Each year, more than 2.2 million patients in the United States undergo evaluations for symptoms of hemorrhoids, according to updated guidelines on the management of hemorrhoids issued by the American Society of Colon and Rectal Surgeons.
“As a result, it is important to identify symptomatic hemorrhoids as the underlying source of the anorectal symptom and to have a clear understanding of the evaluation and management of this disease process,” wrote, chief of colon and rectal surgery at the Carolinas Medical Center, Charlotte, N.C., and the fellow members of the Clinical Practice Guidelines Committee of the ASCRS.
The guidelines recommend evaluation of hemorrhoids based on a disease-specific history, and a physical that emphasizes the degree and duration of symptoms and identifies risk factors. But the guideline writers note that the recommendation is a grade 1C because the supporting data mainly come from observational or case studies.
“The cardinal signs of internal hemorrhoids are painless bleeding with bowel movements with intermittent protrusion,” the committee said, also emphasizing that patients should be evaluated for fecal incontinence, which could inform surgical decision making.
In addition, the guidelines call for a complete endoscopic evaluation of the colon for patients who present with symptomatic hemorrhoids and rectal bleeding; this recommendation is based on moderately strong evidence, and presented with a grade of 1B.
Medical management of hemorrhoids may include office-based procedures or surgery, according to the guidelines.
“Most patients with grade I and II and select patients with grade III internal hemorrhoidal disease who fail medical treatment can be effectively treated with office-based procedures, such as banding, sclerotherapy, and infrared coagulation,” the committee wrote, and medical office treatment received a strong grade 1A recommendation based on high-quality evidence. Although office procedures are generally well tolerated, the condition can recur. Bleeding is the most common complication, and it is more likely after rubber-band ligation than other office-based options, the guidelines state.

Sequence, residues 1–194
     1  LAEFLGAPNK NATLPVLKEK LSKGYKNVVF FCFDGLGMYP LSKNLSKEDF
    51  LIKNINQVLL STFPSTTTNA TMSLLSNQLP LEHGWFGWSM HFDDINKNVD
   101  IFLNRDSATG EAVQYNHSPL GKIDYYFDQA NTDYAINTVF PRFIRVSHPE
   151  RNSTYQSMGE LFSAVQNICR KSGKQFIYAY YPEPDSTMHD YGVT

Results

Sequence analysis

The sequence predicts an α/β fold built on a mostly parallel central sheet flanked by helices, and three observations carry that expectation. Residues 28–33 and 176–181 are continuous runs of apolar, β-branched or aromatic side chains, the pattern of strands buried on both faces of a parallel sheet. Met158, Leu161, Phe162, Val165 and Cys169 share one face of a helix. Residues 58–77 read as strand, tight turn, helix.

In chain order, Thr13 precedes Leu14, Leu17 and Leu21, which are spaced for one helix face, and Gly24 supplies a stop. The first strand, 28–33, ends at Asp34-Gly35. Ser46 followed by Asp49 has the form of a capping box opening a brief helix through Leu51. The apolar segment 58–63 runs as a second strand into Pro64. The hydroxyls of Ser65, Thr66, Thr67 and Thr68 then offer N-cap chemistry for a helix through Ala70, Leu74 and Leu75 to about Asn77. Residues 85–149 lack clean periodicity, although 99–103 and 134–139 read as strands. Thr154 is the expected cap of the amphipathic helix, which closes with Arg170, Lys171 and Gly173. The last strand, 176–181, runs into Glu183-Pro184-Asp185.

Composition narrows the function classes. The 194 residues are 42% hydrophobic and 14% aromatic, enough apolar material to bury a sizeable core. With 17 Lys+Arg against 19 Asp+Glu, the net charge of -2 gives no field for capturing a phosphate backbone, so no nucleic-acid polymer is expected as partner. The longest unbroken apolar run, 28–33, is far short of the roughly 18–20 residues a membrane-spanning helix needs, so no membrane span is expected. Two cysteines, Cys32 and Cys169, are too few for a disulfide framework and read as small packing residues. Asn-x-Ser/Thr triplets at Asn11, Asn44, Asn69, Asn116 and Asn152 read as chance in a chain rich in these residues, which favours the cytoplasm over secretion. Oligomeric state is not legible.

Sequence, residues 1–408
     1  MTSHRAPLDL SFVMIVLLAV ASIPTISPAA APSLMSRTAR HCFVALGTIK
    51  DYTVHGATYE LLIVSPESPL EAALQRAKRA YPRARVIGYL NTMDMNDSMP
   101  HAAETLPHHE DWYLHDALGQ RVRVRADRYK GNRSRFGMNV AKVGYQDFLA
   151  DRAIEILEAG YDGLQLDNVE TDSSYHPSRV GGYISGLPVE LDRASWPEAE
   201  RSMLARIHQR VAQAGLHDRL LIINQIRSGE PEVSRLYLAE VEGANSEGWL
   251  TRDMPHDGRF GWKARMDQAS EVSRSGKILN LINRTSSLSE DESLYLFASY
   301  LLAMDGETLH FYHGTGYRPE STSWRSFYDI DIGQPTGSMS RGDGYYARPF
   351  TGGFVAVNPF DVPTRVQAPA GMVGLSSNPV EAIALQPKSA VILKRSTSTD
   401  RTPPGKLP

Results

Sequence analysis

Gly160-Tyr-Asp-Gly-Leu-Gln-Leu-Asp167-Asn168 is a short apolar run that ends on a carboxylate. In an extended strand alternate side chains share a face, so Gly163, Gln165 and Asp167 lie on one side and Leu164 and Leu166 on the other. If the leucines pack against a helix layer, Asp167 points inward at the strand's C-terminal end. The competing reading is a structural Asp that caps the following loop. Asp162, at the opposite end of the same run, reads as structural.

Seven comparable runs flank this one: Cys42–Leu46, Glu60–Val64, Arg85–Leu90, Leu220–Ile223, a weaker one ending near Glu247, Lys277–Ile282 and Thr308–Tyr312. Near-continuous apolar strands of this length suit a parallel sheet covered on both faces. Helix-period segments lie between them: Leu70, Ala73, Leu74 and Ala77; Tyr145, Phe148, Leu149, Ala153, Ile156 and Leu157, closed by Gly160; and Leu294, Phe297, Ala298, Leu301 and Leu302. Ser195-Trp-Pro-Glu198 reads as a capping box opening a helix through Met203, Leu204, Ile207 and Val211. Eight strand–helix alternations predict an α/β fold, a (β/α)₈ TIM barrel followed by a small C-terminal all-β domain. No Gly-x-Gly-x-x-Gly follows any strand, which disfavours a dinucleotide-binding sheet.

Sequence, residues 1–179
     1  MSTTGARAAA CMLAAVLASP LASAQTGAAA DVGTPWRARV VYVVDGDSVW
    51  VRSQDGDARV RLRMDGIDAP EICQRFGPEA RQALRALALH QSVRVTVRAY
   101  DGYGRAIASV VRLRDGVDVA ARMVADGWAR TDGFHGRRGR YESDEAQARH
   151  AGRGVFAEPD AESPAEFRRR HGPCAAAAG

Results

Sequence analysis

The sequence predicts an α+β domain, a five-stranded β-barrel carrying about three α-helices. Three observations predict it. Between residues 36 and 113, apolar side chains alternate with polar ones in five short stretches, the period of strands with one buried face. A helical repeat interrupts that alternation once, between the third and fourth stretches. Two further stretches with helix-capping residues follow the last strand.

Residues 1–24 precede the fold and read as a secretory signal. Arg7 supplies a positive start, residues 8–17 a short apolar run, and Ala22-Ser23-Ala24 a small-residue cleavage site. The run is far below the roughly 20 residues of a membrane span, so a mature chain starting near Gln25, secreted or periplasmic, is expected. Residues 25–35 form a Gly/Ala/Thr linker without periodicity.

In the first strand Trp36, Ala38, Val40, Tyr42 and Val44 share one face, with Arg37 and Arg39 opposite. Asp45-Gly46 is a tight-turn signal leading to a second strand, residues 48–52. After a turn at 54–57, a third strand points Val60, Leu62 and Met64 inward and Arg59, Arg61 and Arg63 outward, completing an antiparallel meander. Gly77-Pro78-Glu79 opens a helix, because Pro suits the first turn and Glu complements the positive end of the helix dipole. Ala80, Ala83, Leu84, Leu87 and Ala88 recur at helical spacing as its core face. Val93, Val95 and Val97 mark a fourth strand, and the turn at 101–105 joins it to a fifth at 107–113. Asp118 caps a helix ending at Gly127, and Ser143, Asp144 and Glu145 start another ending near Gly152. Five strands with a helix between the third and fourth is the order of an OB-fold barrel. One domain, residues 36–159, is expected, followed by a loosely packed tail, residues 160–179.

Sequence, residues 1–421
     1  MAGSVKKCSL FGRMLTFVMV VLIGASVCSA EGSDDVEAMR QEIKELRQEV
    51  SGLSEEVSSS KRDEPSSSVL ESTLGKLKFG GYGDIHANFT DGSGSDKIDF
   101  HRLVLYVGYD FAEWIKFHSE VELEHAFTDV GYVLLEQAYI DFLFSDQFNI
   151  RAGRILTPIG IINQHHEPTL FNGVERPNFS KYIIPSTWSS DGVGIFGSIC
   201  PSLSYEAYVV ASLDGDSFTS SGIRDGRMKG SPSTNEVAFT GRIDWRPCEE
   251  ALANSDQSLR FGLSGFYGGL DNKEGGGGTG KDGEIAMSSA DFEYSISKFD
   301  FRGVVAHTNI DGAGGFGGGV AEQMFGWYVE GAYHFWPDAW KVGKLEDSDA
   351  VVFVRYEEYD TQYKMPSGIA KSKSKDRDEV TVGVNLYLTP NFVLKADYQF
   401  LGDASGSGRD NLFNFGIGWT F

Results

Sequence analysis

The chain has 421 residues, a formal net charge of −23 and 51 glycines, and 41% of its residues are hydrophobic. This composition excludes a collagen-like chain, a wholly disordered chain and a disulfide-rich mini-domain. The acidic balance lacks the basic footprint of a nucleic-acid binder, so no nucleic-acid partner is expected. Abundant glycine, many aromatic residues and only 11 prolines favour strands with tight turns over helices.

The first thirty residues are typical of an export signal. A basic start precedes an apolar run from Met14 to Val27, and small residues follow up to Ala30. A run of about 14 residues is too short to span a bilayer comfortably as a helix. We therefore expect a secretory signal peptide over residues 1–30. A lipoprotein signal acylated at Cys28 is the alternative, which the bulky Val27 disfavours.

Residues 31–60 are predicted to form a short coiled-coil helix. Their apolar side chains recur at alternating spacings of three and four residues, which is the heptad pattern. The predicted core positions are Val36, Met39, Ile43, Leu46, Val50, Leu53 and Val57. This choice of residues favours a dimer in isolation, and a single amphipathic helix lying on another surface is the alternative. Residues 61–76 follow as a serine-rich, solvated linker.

The guidelines offer a weak recommendation of 2C, based on the lack of quality evidence, for the use of early surgical excision to treat patients with thrombosed external hemorrhoids. “Although most patients treated nonoperatively will experience eventual resolution of their symptoms, excision of thrombosed external hemorrhoids may result in more rapid symptom resolution, lower incidence of recurrence, and longer remission intervals,” the committee noted.
Surgical hemorrhoidectomy received the strongest possible recommendation (1A, based on high-quality evidence) for the treatment of patients with external hemorrhoids or a combination of internal and external hemorrhoids with prolapse.
Surgical options described in the recommendations include surgical excision (hemorrhoidectomy), hemorrhoidopexy, and Doppler-guided hemorrhoidectomy, with citations of studies on each procedure. Data from a meta-analysis of 18 randomized prospective studies comparing hemorrhoidectomy with office-based procedures showed that hemorrhoidectomy was “the most effective treatment for patients with grade III hemorrhoids,” but it was associated with greater pain and complication rates, according to the guidelines.
However, complications in general are low after surgical hemorrhoidectomy, with reported complication rates of 1%-2% for the most common complication of postprocedure hemorrhage, the guidelines state. After surgery, the guidelines recommend with a 1B grade (moderate quality evidence) that patients use “a multimodality pain regimen to reduce narcotic usage and promote a faster recovery.”
The committee members had no financial conflicts to disclose.
SOURCE: Davis BR et al. Dis Colon Rectum. .